Your agent will highlight what they consider the best parts of your house and how they plan to showcase them. For example, they might love your big backyard or your updated appliances. Talk to your agent about your favorite features that you think would appeal to buyers.

Accept an Offer and Open Escrow

When a potential buyer or buyers love your home and make an offer, you can accept the bid and open escrow. Your buyers will submit an earnest money deposit on the house to confirm that they are serious about the purchase process. This money will also be held by a neutral third party like an escrow company.

Your buyers will move through various contingencies like completing the inspection and appraisal processes while your real estate agent works with the title company to prepare the closing paperwork. Your Realtor should let the trustee and lender associated with your mortgage know about the pending sale. This will help them act quickly so all parties involved can close on time.

Use Sale Proceeds to Pay Off the Deed of Trust

Once you are cleared to close, you can move forward with closing the trust deed and paying off the mortgage. The title company should handle this process to ensure everyone gets paid. This also includes covering your agent commissions, any relevant estate taxes, and other fees that come with home sales. 

Once the mortgage is paid off, the lender will clear the lien from your property. This means there aren’t any debts on the house and it can be sold.

Close the Sale

The final step is to close the sale. You will sign closing documents as a seller and submit your financial information to the title company so they can deposit the profits into your account. The buyer will also sign closing paperwork and take legal ownership of the property. This is how all real estate transactions end. You no longer have a trust deed, a mortgage loan, or any claim to the property you just sold.

What Happens to Your Deed of Trust If You Sell Your House?

When you sell your house, the legal title of the property is distributed from your trustee to your buyer. If your buyer used a mortgage with a trust deed to buy the house, then the property title goes to their third party. Your trustee no longer controls the title and your lender gets a payoff that closes the loan. After the payoff, the lender removes the lien from the house, allowing you to sell it.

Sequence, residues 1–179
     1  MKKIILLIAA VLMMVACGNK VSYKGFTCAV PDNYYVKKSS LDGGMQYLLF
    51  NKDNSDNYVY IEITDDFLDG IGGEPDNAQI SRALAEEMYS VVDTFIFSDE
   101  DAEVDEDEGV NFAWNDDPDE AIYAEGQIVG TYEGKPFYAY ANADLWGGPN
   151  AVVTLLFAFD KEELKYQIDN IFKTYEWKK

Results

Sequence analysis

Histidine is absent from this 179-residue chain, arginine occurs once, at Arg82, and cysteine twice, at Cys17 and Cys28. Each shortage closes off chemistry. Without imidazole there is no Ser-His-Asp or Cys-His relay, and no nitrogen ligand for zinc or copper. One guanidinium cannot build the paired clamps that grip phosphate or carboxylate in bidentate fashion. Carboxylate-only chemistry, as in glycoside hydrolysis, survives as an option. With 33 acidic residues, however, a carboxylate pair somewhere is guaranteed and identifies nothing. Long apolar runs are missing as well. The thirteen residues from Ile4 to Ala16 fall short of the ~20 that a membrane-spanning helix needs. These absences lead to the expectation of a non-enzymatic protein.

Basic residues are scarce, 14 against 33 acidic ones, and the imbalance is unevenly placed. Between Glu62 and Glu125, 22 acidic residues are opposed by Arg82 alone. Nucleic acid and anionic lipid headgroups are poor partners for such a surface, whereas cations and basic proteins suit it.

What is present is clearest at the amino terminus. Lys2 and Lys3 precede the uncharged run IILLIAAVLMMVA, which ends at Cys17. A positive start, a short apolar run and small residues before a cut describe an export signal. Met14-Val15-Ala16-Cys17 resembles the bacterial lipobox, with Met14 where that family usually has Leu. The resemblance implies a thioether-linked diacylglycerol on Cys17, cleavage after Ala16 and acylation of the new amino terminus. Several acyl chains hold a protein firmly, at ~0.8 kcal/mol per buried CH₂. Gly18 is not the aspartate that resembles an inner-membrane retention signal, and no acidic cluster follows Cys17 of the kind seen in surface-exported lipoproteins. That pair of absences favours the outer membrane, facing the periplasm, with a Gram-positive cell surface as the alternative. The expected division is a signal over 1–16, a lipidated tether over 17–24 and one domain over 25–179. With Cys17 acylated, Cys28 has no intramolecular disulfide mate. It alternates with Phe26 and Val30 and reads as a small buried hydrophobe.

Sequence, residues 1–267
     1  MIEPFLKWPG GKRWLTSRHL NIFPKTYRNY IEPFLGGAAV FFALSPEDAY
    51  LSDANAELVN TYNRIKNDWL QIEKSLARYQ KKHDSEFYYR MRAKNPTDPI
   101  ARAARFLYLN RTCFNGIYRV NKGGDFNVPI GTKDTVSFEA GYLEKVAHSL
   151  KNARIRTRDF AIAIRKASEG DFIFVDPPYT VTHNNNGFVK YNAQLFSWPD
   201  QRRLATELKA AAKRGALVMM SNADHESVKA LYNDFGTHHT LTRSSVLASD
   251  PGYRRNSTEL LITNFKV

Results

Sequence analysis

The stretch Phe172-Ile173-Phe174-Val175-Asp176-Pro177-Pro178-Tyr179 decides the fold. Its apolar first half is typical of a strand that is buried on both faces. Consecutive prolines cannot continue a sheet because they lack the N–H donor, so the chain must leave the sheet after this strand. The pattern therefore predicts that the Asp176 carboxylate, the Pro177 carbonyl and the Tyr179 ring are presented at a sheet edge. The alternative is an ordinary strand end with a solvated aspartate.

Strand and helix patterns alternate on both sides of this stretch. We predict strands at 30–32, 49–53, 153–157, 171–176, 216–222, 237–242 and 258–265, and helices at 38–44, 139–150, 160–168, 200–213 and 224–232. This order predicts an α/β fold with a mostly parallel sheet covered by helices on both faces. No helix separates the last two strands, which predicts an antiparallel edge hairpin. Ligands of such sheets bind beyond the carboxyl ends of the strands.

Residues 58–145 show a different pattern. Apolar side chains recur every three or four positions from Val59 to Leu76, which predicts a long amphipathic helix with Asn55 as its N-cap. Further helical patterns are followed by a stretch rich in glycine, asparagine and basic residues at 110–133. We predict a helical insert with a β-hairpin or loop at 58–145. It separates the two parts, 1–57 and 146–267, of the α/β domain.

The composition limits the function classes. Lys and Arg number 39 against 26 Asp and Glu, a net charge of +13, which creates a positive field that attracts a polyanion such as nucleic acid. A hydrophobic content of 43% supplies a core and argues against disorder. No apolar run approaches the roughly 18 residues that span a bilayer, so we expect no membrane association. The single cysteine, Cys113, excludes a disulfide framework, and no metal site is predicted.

All of this can happen faster than you expect. Lenders are used to people moving before their loans are paid off and know to expect the lump sum payments to close the loan. The best thing you can do to speed up this process is to communicate your plans to sell and your closing date with your lender ahead of time. Many title companies will do this for you.  

After closing, there is no longer a home loan, you no longer have a title to the house, and you do not own the property. You are officially removed from the asset.

Find a Trusted Agent at FastExpert

If you purchased a house with a trust deed associated with the loan and now want to sell the property, one of the first steps is to hire a real estate agent. These professionals can help you understand your payoff amount. They will also work with the neutral third party that was given your deed. You don’t have to be an expert in the home sale process when you have a trusted Realtor to support you. 

Turn to FastExpert to find agents with experience in selling, buying, and managing real estate investments. You can hire a partner to guide you through each step and make you feel confident about your decision. Finding an agent is free through our service, so there’s no risk in searching our database today.

Amanda Dodge

Amanda Dodge is a real estate writer and expert. She has worked in the field for more than eight years. She spends her time writing and researching trends in real estate, finance, and business. She graduated with a bachelor's degree in Communications from Florida State University.